Period wooden floors are practical and they look fantastic, but they don’t come trouble-free.
Firstly, they can be draughty, because filling any small gaps or insulating underneath doesn’t always work well.
Another problem is that they’ve often been patched up over the years.
This obviously needs to be done if they’re in a bad state, but it can be hard to match old and new when you sand and stain them.
Paint and dark stains work better than clear stains, or you can replace newer boards with reclaimed period ones.
If you don’t have period floorboards, or you don’t want to expose the boards you have, there are other options.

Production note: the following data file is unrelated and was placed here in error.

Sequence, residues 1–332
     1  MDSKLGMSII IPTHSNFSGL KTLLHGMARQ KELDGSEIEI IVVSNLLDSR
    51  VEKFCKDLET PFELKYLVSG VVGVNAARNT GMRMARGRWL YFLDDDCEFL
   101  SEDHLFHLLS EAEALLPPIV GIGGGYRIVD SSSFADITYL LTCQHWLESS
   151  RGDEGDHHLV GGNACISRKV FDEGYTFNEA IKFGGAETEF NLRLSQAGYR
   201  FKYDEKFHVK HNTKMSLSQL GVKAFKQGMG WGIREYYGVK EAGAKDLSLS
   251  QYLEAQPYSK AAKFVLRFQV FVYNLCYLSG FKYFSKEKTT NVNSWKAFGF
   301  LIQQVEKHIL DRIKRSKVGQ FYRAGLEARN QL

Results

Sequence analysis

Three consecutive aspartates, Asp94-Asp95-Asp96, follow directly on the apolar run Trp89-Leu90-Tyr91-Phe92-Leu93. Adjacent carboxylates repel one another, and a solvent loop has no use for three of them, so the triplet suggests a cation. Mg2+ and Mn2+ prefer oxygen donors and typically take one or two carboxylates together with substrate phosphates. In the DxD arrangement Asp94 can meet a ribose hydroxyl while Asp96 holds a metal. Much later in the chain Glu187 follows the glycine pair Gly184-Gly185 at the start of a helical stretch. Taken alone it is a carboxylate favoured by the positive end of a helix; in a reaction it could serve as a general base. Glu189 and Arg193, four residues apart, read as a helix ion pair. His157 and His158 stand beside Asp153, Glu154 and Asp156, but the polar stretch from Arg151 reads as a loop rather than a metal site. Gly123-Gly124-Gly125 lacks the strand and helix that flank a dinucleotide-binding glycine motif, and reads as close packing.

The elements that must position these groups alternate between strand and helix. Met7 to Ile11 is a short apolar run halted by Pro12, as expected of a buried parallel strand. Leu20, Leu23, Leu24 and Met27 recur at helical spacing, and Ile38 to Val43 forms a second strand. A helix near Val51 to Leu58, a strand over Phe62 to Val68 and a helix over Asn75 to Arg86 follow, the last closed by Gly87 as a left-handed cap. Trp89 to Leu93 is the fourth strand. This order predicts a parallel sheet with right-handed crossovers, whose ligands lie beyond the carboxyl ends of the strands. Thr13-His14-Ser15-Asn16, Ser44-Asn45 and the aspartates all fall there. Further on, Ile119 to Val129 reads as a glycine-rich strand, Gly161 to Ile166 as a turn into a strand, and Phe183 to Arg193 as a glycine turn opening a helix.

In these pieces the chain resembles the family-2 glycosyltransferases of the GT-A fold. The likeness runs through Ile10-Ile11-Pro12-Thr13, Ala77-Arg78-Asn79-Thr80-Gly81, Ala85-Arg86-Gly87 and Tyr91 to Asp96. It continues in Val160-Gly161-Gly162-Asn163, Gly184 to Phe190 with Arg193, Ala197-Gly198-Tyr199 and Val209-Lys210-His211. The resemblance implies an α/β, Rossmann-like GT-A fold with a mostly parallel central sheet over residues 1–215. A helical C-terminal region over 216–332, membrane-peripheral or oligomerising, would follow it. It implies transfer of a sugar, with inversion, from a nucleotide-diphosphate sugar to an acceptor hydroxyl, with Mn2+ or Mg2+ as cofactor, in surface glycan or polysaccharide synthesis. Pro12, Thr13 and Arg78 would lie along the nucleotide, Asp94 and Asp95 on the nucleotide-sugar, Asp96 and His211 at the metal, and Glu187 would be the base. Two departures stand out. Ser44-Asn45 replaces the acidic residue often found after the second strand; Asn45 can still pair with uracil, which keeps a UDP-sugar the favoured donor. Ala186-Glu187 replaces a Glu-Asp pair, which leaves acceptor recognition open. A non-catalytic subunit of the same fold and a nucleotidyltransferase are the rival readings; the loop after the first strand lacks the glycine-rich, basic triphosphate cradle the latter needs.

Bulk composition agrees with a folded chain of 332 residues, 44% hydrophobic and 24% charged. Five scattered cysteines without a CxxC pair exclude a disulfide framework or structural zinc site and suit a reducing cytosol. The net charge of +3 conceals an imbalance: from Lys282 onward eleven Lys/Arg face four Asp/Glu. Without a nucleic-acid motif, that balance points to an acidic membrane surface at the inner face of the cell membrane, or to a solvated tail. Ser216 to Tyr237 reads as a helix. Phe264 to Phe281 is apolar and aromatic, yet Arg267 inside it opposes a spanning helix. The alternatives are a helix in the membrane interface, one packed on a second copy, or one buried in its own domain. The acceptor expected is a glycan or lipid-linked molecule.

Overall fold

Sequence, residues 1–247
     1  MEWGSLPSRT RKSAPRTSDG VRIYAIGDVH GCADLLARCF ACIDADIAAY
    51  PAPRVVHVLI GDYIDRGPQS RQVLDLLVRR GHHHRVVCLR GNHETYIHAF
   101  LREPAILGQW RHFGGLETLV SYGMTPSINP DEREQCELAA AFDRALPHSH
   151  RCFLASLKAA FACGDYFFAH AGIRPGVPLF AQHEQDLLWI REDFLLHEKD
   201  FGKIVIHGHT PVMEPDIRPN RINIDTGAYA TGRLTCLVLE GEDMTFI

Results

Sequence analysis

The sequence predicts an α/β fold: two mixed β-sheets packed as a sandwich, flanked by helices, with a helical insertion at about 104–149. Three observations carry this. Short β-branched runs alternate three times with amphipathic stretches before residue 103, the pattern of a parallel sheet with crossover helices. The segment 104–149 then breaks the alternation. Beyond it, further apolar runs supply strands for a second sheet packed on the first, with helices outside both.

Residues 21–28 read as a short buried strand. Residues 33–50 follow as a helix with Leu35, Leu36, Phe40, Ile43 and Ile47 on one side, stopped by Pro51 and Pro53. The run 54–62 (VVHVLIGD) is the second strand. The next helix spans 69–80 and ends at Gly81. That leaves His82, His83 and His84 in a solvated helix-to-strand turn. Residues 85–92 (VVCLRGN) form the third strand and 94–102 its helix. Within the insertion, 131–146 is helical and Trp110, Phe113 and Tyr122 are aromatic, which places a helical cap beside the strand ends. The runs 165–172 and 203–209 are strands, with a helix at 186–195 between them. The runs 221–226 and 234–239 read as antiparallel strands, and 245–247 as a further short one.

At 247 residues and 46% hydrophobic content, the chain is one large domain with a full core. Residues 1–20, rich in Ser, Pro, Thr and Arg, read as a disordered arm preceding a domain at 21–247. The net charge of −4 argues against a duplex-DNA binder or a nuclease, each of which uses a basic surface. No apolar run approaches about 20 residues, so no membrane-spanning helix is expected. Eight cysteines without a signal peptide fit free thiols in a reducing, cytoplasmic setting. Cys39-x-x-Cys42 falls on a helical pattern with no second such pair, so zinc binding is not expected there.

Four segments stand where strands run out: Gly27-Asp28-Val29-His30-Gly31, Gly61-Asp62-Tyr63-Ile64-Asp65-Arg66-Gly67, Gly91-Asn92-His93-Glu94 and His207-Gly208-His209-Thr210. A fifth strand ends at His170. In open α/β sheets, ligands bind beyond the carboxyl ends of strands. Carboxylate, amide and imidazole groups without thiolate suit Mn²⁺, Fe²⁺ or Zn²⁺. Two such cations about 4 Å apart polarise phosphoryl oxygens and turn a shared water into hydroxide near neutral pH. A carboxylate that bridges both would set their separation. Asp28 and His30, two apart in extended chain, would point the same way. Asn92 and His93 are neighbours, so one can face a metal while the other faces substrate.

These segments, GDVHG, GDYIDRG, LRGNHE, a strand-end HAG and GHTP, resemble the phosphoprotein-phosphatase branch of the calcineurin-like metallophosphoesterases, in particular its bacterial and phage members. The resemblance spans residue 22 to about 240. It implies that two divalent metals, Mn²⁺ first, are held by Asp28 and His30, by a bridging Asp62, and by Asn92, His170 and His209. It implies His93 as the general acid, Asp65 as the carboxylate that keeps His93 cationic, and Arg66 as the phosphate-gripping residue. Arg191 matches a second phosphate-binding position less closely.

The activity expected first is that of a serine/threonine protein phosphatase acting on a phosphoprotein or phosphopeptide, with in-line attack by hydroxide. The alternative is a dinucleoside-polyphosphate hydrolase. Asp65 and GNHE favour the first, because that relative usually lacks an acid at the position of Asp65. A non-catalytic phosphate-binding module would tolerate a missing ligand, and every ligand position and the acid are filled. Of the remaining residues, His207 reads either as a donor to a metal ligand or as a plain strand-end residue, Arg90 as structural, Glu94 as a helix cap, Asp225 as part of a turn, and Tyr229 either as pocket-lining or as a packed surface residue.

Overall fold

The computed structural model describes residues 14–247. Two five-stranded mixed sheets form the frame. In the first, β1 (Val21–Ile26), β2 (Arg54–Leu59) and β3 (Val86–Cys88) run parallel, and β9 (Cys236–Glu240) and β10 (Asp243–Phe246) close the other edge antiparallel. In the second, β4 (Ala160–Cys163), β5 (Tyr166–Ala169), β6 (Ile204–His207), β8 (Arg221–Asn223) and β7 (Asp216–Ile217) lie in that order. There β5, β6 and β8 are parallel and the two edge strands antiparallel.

Laminate flooring, which has a picture of wood printed on the boards, used to be the easiest way to get the look, but it has had its time.
Instead, try solid wood flooring, or engineered wood, which is made up of layers, with a top layer of real wood.
The thickness of the wooden layer varies, so make sure you know how thick it is and how many times it can be sanded.
A floor that can be sanded a few times is a good investment, as it can take more wear and tear.
Because engineered wood consists of layers, it has more strength and durability than solid wood flooring and it shouldn’t shrink and expand when exposed to changes in temperature and humidity.